Thursday, December 8, 2011


Travel Day. I wake up with a start at 5:09am with a txt from my sister that beeps under my pillow filling my head with beep. Bleary eyed (the guy in the bunk above me had plumbed timbres of snoring last night I hadn't even thought possible), but excited, I trundle into the dark and still morning, down the road to the Royal National Hotel, where our Grand Tour departs. I meet my fellow travelers for the first time, as we que to get our bags weighed, and then onto the bus and we're off! We were missing two South Africans, who it turned out were weather bound in an Airport and would have to meet us on the way. We thus learned a valuable lesson - the bus will not wait for you!

Driving out of London, we were introduced to our tour manager Ryan and our driver Pedro, with whom in time, all the women on the bus would fall in love with (and the guys too). A brief two hours later, we were at Dover!

The weather for the crossing was beautiful, with the sun rising over the distant coast of France, bathing the white cliffs in warm light.

We drive quickly through France and then Belgium, only stopping for a rest in a truck stop on the boarder.

Finally we arrived in Amsterdam, with our introduction to the local culture as "Ding Ding! Hallo!"
Amsterdam is an incredible biking culture, with bicycles pretty much having right of way to everything except trams. It was incredible walking down a street that had four clearly distinguished and signaled modes of transport; trams in the middle, then either side cars, bikes, and finally footpaths. Although most of the time, walking through the narrow lanes around the canals, the only thing you had to watch out for were bikes.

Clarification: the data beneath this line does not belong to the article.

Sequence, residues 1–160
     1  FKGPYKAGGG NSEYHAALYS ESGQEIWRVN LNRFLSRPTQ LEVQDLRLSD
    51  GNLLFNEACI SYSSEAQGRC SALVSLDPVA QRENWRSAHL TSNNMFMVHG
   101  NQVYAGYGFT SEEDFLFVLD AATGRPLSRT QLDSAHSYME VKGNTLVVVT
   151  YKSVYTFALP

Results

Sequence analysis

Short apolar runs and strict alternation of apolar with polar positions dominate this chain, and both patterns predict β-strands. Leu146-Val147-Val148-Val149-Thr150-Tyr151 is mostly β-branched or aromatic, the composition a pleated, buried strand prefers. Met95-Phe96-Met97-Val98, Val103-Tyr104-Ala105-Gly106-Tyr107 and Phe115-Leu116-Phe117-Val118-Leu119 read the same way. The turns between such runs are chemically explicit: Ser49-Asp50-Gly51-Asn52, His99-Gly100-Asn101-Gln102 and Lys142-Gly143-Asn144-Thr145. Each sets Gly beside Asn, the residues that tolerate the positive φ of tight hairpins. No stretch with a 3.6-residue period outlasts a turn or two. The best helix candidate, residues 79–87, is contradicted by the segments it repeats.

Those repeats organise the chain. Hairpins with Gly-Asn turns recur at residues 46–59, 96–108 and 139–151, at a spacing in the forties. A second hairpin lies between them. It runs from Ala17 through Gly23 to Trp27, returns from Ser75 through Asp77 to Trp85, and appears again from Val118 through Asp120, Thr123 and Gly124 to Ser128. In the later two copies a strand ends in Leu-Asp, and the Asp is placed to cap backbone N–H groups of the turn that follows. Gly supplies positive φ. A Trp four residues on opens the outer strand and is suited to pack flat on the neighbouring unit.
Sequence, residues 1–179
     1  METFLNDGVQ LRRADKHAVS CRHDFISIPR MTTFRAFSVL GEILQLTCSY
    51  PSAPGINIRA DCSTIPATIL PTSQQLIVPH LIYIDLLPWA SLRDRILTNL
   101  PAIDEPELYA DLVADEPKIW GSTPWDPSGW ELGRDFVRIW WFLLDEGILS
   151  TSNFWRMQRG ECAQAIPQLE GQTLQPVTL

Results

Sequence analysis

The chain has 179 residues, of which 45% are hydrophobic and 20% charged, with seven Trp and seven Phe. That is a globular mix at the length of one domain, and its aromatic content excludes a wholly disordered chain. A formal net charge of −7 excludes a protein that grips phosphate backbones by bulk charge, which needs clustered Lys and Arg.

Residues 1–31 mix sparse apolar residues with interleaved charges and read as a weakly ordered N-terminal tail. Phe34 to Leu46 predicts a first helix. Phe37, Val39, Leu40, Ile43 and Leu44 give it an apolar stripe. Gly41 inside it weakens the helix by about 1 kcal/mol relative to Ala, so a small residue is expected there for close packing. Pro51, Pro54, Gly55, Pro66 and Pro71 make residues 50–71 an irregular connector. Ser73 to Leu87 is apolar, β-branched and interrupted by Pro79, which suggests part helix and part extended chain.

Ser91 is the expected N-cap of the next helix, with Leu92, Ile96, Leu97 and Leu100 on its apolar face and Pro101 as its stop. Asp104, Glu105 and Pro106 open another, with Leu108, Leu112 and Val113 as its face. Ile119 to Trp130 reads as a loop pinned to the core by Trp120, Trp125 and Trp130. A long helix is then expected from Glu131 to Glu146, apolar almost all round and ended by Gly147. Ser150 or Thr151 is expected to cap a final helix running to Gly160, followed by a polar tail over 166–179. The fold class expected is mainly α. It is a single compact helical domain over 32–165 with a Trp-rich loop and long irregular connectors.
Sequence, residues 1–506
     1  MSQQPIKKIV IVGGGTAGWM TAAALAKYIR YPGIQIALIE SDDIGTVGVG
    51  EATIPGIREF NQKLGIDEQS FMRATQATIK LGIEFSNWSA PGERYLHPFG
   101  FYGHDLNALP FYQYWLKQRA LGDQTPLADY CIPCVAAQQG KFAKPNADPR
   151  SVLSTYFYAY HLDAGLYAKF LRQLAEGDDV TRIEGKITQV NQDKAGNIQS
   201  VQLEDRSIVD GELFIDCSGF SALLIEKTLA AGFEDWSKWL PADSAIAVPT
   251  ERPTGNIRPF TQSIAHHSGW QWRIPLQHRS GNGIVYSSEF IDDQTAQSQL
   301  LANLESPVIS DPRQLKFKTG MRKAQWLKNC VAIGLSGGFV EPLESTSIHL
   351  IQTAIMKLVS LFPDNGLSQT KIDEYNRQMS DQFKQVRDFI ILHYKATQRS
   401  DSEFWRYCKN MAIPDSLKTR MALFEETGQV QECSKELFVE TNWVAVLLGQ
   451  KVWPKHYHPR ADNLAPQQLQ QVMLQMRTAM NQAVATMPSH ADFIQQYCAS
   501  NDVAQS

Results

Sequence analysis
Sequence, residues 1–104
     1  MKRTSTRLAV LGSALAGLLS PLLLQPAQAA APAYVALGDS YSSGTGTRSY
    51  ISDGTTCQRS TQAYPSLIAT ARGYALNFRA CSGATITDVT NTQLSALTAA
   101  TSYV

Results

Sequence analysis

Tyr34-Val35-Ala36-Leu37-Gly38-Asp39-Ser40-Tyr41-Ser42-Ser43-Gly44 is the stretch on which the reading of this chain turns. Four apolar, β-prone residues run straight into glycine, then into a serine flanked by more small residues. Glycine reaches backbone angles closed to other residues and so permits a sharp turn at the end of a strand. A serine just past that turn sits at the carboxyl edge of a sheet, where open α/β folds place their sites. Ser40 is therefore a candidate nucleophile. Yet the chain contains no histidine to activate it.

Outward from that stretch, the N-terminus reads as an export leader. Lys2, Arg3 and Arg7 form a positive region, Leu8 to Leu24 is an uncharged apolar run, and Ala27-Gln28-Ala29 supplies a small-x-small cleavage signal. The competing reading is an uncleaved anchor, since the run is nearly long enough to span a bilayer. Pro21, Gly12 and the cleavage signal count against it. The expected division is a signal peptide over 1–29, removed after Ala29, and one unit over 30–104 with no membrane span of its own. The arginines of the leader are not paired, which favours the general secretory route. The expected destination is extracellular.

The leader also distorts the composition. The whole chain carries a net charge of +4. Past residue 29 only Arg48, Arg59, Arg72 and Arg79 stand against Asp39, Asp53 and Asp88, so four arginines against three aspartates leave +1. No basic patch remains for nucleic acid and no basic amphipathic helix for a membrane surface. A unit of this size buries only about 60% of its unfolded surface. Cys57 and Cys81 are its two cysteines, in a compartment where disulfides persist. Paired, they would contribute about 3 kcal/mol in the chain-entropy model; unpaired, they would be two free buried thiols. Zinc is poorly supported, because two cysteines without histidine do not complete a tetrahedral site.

The buildings in Amsterdam were beautifully narrow and thin, like rows of bean-sprouts.

And of course we tried on the famous clog, at a place called "Cheese and Clogs."

But the most incredible place we visited in Amsterdam was Anne Frank's house, where she and her family hid in the attic for over two years.

This was her front door.

This is the attic window she would gaze out of. It was so still. It was also the only window that wasn't covered in thick blackout cloth, cloaking the rest of their house in permanent darkness.
The window into Peter Van Pels room (black). She would have been able to look out at this church clock tower from the attic above. One of the saddest things was she had started re-writing her diary, as a novel called "Secret Annex." In her diary she wrote "In my head it is as good as finished." I just wish I knew how she would have ended it.

Amsterdam also turned out to be a pretty funky place! As I was walking I passed this strange structure in the middle of the road.

That turned out to be a subterranean exhibition celebrating Super Mario, using space created by the continued drilling of the Amsterdam metro system (over budget, behind schedule, and still incomplete a taxi driver told me later).

Cruising down the canal, Amsterdam was very cold and misty, and very beautiful.

Next: Germany!

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